Hospital payments in question under health care law

By Bobby Harrison/NEMS Daily Journal

JACKSON – A key question if Gov. Phil Bryant gets his wish and Mississippi opts out of a Medicaid expansion under the new health care law is whether the state will lose $210 million in federal funds used to compensate hospitals for care of the uninsured.
Under the federal legislation, Disproportionate Share Hospital payments are slated to be phased out under the assumption that most people will have health insurance either through the Medicaid expansion or other provisions of the Affordable Care Act.
But House Appropriations Chairman Herb Frierson, R-Poplarville, said some are making the argument the federal government cannot phase out the DSH payments in states that do not participate in the Medicaid expansion.
“That is a big question,” Frierson said. “Do the DSH payments go away?”
The Supreme Court upheld the constitutionality of the Affordable Care Act last month, but did say a provision of the law that would halt Medicaid payments to states that do not participate in the expansion could not be enforced. Frierson said some interpret that to mean the federal government could not phase out the DSH payments to the states that opt out.
But Ed Sivak, executive director of the Mississippi Economic Policy Center, which supports Mississippi participating in the expansion, said it is his understanding the Supreme Court ruling would not stop the phasing out of the DSH payments.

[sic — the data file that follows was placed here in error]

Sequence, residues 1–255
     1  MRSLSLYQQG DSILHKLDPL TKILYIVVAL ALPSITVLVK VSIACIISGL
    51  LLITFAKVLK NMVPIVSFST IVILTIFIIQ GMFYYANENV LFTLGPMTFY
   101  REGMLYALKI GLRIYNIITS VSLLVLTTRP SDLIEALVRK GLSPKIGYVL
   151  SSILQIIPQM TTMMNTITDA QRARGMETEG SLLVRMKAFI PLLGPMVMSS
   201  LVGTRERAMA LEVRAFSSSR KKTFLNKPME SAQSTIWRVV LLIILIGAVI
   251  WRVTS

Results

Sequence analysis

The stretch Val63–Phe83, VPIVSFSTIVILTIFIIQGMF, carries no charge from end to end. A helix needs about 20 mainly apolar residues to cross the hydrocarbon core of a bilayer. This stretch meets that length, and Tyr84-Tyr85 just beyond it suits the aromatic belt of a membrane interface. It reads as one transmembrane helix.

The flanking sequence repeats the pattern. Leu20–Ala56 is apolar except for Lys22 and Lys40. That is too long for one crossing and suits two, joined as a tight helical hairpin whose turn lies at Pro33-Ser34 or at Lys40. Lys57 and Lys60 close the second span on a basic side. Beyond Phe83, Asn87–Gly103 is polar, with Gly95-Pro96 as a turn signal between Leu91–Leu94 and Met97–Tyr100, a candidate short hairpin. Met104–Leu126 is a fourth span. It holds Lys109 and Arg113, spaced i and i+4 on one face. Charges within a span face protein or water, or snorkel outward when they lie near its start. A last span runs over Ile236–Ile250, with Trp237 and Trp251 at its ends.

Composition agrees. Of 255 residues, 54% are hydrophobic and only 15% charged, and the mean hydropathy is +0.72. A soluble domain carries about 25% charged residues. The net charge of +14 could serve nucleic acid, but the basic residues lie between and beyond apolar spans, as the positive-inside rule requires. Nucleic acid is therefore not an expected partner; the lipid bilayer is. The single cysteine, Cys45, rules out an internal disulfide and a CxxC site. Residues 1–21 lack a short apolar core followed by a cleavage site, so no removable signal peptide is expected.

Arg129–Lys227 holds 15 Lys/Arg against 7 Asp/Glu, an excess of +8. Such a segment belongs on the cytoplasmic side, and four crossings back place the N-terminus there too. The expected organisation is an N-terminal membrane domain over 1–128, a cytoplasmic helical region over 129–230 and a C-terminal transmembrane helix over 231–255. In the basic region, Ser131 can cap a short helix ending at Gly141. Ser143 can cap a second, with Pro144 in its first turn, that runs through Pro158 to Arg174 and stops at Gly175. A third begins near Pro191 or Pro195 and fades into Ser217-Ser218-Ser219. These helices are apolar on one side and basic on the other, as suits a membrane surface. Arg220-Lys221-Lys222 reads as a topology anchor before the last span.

Shawn Rossi, vice president of marketing for the Hospital Association, said it appears federal officials do not think the retention of the DSH payments is “an option under the Supreme Court’s ruling” because the court left intact all the rest of the law.
Changes could be made to the law after the November general election. Republicans have vowed to repeal the law if they win.
Under the federal law, people earning up to 133 percent of the federal poverty level (about $14,400) per year would be eligible for Medicaid. Under current Mississippi law, Medicaid covers primarily poor pregnant women and children, the disabled and certain segments of the elderly population.
The current DSH payment program does not reimburse hospitals for all uncompensated care. According to the Mississippi Hospital Association, about $315 million of care is not reimbursed each year after the DSH payments to the state of $210 million.

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